Not really. The costs can vary by county as well as state. Laws change and it's not easy to assemble all of them. Don't rely on any information without checking the state first. Local brokers genrally know the rules quite well. You could theoretically never stay long enough to actually trigger the state / local tax issue. It's all theoretical though. You can't do it practically for an indefinite amount of time. You also risk penalties if you screw up. It's called tax evasion. At some point the cost of constantly moving your boat adds up. All states that have taxes have a calendar based deadline when you must have settled the issue. States like VA make it interesting. If you pay the tax as soon as buy the boat they cap the Use tax to a max of $2000, but if you don't they change it to 5.5% of purchase price with no cap at all plus penalties.

It is not about where you register or where you live or claim you live. It is 100% about where the boat actually is and how long it's been there over a period of time.

With US Documented boats the issue of your title would be done and not require a state. If you state register a boat they know you have not paid any tax. Here in VA they also notify the county / city so they can come after you for personal property tax. Just right off the bat you can't register the title in a state that you could owe tax. Many states and counties download the US documented list to find new boat owners. The address you list may trigger them to ask you questions even if you don't keep the boat at your address. You can't use a fake address for US Documentation since they mail out a renewal form each year (no fee required). It could be your mail drop service as many offshore cruisers use a FL mail service. You can list any port you like and that does not matter. The port just has to be a "place" in the US. You still are left with people looking for you.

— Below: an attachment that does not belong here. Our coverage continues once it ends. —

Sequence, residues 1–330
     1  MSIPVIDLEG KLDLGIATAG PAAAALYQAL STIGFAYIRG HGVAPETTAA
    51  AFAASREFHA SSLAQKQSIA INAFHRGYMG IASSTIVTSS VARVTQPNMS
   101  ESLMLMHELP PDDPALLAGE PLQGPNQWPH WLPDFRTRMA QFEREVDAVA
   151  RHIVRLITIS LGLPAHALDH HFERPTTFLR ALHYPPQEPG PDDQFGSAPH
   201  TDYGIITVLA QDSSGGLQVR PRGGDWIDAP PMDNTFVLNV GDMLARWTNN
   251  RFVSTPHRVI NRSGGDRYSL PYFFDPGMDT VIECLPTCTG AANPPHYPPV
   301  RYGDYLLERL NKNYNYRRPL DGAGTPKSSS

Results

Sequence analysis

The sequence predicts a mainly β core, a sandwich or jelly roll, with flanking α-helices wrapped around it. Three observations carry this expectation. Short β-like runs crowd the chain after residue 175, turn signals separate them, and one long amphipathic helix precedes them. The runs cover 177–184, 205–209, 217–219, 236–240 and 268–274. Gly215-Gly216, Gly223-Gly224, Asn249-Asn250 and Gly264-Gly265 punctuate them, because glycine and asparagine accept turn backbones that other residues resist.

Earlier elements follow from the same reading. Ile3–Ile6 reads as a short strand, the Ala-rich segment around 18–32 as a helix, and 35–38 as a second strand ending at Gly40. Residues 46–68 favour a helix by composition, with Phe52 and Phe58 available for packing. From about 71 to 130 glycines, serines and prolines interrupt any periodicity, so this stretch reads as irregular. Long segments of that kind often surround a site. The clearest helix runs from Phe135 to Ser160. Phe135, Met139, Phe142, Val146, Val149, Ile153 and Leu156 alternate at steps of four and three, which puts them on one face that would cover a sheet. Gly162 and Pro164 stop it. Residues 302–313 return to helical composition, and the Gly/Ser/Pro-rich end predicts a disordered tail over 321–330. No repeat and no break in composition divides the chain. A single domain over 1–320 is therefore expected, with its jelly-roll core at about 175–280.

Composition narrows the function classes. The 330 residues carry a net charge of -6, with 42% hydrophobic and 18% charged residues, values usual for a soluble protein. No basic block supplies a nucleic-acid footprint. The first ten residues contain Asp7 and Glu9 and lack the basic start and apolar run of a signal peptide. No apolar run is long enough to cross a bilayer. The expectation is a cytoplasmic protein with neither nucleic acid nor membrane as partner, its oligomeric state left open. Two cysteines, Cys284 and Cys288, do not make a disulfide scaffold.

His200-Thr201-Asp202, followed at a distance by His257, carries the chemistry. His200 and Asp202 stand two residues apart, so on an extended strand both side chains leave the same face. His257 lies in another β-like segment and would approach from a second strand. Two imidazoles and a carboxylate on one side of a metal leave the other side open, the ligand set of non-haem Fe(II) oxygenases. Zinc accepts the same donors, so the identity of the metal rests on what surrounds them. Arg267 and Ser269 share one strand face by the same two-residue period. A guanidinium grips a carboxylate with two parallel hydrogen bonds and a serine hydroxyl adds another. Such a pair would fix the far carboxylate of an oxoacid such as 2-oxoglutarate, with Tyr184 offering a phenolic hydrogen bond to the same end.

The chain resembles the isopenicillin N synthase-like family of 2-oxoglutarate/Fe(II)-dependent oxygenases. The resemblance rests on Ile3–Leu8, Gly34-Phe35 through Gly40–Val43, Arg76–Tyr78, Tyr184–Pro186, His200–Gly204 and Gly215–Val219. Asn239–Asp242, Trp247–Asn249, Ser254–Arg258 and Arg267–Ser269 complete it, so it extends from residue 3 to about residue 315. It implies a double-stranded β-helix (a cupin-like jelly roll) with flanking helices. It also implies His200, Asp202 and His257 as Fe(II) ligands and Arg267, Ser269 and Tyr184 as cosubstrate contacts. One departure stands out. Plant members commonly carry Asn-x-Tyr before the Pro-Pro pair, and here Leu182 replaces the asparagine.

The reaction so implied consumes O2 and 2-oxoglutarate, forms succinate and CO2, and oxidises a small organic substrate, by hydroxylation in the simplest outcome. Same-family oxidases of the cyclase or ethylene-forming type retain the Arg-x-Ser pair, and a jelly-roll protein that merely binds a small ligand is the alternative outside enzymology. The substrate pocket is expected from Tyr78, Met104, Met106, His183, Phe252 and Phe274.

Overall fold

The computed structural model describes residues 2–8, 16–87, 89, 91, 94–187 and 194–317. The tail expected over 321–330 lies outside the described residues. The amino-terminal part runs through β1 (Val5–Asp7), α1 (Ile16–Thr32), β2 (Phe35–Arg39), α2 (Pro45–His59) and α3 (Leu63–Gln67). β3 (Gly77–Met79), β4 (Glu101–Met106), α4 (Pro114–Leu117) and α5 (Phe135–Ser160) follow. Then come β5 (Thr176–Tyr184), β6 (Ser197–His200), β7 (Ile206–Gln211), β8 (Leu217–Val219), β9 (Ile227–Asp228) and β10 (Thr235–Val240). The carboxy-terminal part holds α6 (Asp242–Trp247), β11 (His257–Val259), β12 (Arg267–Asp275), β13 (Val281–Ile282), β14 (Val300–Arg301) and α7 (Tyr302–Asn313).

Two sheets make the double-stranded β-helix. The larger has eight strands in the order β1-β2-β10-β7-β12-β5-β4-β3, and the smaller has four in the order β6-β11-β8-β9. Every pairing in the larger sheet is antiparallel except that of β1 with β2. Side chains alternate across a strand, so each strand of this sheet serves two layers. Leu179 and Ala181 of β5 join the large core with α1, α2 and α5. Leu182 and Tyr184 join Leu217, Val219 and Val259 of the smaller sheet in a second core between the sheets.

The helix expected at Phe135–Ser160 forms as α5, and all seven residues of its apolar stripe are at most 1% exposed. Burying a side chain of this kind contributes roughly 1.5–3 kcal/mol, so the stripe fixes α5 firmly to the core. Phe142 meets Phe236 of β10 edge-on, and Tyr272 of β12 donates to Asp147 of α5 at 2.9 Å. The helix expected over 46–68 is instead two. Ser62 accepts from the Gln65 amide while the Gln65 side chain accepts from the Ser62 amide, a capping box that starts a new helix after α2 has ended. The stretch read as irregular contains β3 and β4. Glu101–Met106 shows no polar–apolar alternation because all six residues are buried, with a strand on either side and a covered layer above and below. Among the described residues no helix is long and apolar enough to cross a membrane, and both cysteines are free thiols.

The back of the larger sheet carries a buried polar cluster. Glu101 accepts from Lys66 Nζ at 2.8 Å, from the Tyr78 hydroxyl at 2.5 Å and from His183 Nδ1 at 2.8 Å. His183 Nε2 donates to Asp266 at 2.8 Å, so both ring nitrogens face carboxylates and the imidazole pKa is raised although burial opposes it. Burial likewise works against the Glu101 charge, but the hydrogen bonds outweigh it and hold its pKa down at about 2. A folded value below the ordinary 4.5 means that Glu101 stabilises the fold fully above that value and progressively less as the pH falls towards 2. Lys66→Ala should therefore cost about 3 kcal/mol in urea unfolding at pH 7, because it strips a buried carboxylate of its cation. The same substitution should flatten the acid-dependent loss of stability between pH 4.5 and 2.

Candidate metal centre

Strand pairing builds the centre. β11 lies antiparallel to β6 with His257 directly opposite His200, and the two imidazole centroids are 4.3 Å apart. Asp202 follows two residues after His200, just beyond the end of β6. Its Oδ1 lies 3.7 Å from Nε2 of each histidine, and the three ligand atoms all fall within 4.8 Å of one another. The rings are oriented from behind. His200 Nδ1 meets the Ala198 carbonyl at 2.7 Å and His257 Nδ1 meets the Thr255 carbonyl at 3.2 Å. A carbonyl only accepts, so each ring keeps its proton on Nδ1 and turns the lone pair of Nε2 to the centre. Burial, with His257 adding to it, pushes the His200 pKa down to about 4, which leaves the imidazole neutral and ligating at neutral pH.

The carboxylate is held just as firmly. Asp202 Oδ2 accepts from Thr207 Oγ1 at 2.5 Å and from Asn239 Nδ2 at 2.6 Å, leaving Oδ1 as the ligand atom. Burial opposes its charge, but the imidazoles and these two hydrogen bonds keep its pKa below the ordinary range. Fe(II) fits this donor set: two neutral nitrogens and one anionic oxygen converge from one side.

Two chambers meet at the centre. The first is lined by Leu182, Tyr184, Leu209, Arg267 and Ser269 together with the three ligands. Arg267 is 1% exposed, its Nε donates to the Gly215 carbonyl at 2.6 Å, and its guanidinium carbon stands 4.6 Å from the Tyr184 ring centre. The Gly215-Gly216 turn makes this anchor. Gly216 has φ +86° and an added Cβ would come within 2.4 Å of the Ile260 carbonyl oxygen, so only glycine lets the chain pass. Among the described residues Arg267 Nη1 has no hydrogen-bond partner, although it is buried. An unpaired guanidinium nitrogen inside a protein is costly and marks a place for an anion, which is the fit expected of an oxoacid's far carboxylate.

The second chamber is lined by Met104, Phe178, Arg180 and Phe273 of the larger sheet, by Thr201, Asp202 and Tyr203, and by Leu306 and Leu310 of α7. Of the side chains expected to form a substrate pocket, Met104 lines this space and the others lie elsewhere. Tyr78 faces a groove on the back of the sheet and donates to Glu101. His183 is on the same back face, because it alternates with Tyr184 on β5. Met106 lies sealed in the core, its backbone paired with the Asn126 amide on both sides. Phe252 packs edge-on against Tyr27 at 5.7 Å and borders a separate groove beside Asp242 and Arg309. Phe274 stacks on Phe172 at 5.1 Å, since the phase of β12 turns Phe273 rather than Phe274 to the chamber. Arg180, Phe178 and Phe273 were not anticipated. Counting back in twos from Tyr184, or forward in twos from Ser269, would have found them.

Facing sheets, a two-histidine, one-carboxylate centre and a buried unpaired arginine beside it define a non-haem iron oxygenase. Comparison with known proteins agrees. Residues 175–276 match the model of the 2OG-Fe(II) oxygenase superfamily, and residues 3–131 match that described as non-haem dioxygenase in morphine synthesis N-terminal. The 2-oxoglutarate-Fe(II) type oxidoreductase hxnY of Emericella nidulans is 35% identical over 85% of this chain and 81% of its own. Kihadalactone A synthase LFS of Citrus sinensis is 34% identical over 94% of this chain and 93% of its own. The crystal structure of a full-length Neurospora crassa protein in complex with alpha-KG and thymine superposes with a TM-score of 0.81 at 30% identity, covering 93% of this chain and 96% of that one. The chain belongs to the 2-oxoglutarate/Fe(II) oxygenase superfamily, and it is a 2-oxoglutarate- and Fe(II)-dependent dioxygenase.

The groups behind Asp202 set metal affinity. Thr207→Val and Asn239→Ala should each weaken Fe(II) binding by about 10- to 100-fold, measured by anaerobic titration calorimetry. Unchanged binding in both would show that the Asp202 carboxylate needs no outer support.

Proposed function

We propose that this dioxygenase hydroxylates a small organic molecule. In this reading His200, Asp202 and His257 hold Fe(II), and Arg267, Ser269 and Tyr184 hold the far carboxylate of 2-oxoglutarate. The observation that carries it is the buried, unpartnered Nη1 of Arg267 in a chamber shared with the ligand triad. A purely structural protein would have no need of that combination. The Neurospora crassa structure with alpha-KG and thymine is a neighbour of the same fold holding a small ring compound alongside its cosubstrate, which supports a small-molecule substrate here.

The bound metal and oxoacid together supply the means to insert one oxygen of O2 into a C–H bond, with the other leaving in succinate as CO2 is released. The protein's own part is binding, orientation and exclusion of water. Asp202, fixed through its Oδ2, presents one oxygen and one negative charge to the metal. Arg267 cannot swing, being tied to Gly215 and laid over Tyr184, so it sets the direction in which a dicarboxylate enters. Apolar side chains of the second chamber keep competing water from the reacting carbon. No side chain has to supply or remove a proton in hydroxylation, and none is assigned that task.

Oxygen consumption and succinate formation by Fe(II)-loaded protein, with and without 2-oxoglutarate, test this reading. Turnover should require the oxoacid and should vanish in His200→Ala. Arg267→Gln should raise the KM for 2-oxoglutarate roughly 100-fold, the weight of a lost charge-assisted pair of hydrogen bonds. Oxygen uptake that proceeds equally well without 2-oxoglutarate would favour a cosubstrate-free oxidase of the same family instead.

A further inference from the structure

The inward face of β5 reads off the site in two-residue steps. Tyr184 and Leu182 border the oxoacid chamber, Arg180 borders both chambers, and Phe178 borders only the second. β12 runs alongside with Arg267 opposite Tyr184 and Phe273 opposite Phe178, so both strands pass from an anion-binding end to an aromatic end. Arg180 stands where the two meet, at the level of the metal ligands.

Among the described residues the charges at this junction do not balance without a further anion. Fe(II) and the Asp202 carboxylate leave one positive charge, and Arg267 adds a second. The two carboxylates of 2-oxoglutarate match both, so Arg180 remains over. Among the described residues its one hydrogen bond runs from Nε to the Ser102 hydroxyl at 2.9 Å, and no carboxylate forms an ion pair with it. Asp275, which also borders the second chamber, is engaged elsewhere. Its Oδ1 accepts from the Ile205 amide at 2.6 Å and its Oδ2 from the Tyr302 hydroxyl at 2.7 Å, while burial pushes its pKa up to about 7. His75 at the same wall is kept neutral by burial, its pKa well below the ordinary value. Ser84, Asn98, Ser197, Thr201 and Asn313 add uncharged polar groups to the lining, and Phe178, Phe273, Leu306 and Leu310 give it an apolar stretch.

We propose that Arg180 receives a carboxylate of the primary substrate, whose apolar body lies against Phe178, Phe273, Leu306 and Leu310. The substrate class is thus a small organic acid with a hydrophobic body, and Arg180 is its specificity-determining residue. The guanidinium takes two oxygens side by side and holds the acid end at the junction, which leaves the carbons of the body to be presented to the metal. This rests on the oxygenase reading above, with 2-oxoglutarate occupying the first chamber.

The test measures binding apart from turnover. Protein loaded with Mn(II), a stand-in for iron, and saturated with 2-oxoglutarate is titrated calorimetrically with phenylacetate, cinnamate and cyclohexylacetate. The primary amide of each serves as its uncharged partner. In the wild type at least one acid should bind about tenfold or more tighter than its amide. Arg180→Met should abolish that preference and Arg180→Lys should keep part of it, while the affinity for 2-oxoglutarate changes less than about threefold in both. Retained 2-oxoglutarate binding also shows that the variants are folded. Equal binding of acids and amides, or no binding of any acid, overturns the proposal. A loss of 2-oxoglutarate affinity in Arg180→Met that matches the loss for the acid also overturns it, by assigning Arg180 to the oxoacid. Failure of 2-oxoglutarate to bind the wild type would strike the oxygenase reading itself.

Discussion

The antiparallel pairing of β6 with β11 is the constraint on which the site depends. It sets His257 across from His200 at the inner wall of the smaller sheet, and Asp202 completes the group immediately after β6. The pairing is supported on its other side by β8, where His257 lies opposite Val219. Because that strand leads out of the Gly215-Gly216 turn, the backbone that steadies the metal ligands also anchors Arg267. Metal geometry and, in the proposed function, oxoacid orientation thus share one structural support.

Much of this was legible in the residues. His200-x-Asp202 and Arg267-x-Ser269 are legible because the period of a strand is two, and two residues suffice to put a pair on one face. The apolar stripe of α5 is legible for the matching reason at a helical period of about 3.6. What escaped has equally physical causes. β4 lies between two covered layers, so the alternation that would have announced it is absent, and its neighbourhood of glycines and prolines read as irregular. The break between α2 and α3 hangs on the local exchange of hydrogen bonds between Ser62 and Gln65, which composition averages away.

You would need to move around most of the year. Some states count based on total days in the year. You also need to rely on poor enforcement and that can be a misleading idea since just because they have a lax reputation does not mean it can't change.